She Came As A Teen From Colombia With Only $300 To Her Name, Now She’s a Director For NASA
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Once in a while, a woman comes along who shows us what the definition of FIERCE truly is. A woman who pursues her dreams, no matter how many obstacles are in her way. A woman who will no doubt inspire generations of girls who come after her.
Colombiana Diana Trujillo–the first immigrant Hispanic woman to join the NASA Academy–is a FIERCE woman.
Diana Trujillo came to the United States at the age of 17 with only $300 to her name. Through her hard work and grit, she managed to become the leader of the Jet Propulsion Laboratory team at NASA.
And as if that wasn’t cool enough, she also recently hosted the first-ever Spanish-language NASA transmission of a planetary landing. In general, Diana Trujillo is smashing barriers left and right.
Diana Trujillo was born in Cali, Colombia to a mother who dropped out of medical school when she became pregnant. Seeing her mother put aside her dreams in service of others had a profound affect on Trujillo.
“As a little girl, I saw the women in my family give up a lot. It gave me the tenacity that I needed to say I’m not going to give up on my dream,” she told TechCrunch in 2018. “I want to be out there looking back in, showing my family that women have value, that women matter.”
When Trujillo’s parents divorced when she was 12, the family went through intense financial difficulties. Her mother struggled to make ends meet.
“I remember just laying down on the grass and looking at the sky and thinking, ‘Something has to be out there that is better than this,’” Trujillo said. “‘Some other species that treats themselves better or values people better.'”
When Trujillo talks about her former like in Colombia, she is candid about the challenges she faced and how looking up to the night sky was her escape.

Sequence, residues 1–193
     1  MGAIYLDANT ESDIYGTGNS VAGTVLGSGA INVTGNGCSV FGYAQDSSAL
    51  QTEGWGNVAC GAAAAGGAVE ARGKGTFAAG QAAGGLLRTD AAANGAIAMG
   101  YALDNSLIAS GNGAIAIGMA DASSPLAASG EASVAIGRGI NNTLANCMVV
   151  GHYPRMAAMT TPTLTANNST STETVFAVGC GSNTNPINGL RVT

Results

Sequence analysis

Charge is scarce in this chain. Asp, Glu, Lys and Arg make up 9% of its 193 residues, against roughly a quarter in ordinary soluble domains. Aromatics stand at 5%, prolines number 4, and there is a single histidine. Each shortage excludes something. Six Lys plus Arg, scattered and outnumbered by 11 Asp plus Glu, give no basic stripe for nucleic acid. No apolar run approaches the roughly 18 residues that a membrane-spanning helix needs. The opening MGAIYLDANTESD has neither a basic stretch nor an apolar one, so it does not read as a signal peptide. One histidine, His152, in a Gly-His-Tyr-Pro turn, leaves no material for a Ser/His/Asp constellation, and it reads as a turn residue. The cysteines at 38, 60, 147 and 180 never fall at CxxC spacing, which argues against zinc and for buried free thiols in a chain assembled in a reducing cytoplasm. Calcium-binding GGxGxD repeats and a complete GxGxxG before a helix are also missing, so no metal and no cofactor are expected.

“There was a lot of violence going on in my country, so for me, looking up at the sky and looking at the stars was my safe place,” she told NASA.
When Trujillo landed in the U.S., she enrolled in community college courses while moonlighting as a housekeeper to make money. But she never considered the work degrading or beneath her.
“I saw everything coming my way as an opportunity,” she told CBS News. “I didn’t see it as, ‘I can’t believe I’m doing this job at night,’ or ‘I can’t believe that I’m cleaning. I can’t believe that I’m a cleaning a bathroom right now.’ It was just more like, ‘I’m glad that I have a job and I can buy food and have a house to sleep.'”
Trujillo transferred from community college to the University of Florida, where she majored in aerospace engineering. She joined the NASA Academy in her senior year.
After that, Trujillo’s career snowballed. She has had numerous roles within NASA, including telecom systems engineer for the Curiosity Rover. She was also for creating the robotic arm of the Perseverance Rover. In other words: the woman is a genius.
But Trujillo isn’t all brains–she also has a huge heart. She is involved in various philanthropic efforts to recruit more Latina and African-American women into science and engineering careers.
Of her accomplishments, like her mother, Trujillo thinks in terms of service to others. “The abuelas, the moms or dads, the uncles, los primos, everyone has to see this,” she told CBS. “And they have to see a woman in there, too. So, that they can turn around to the younger generation and say she can do it, you can do it.”
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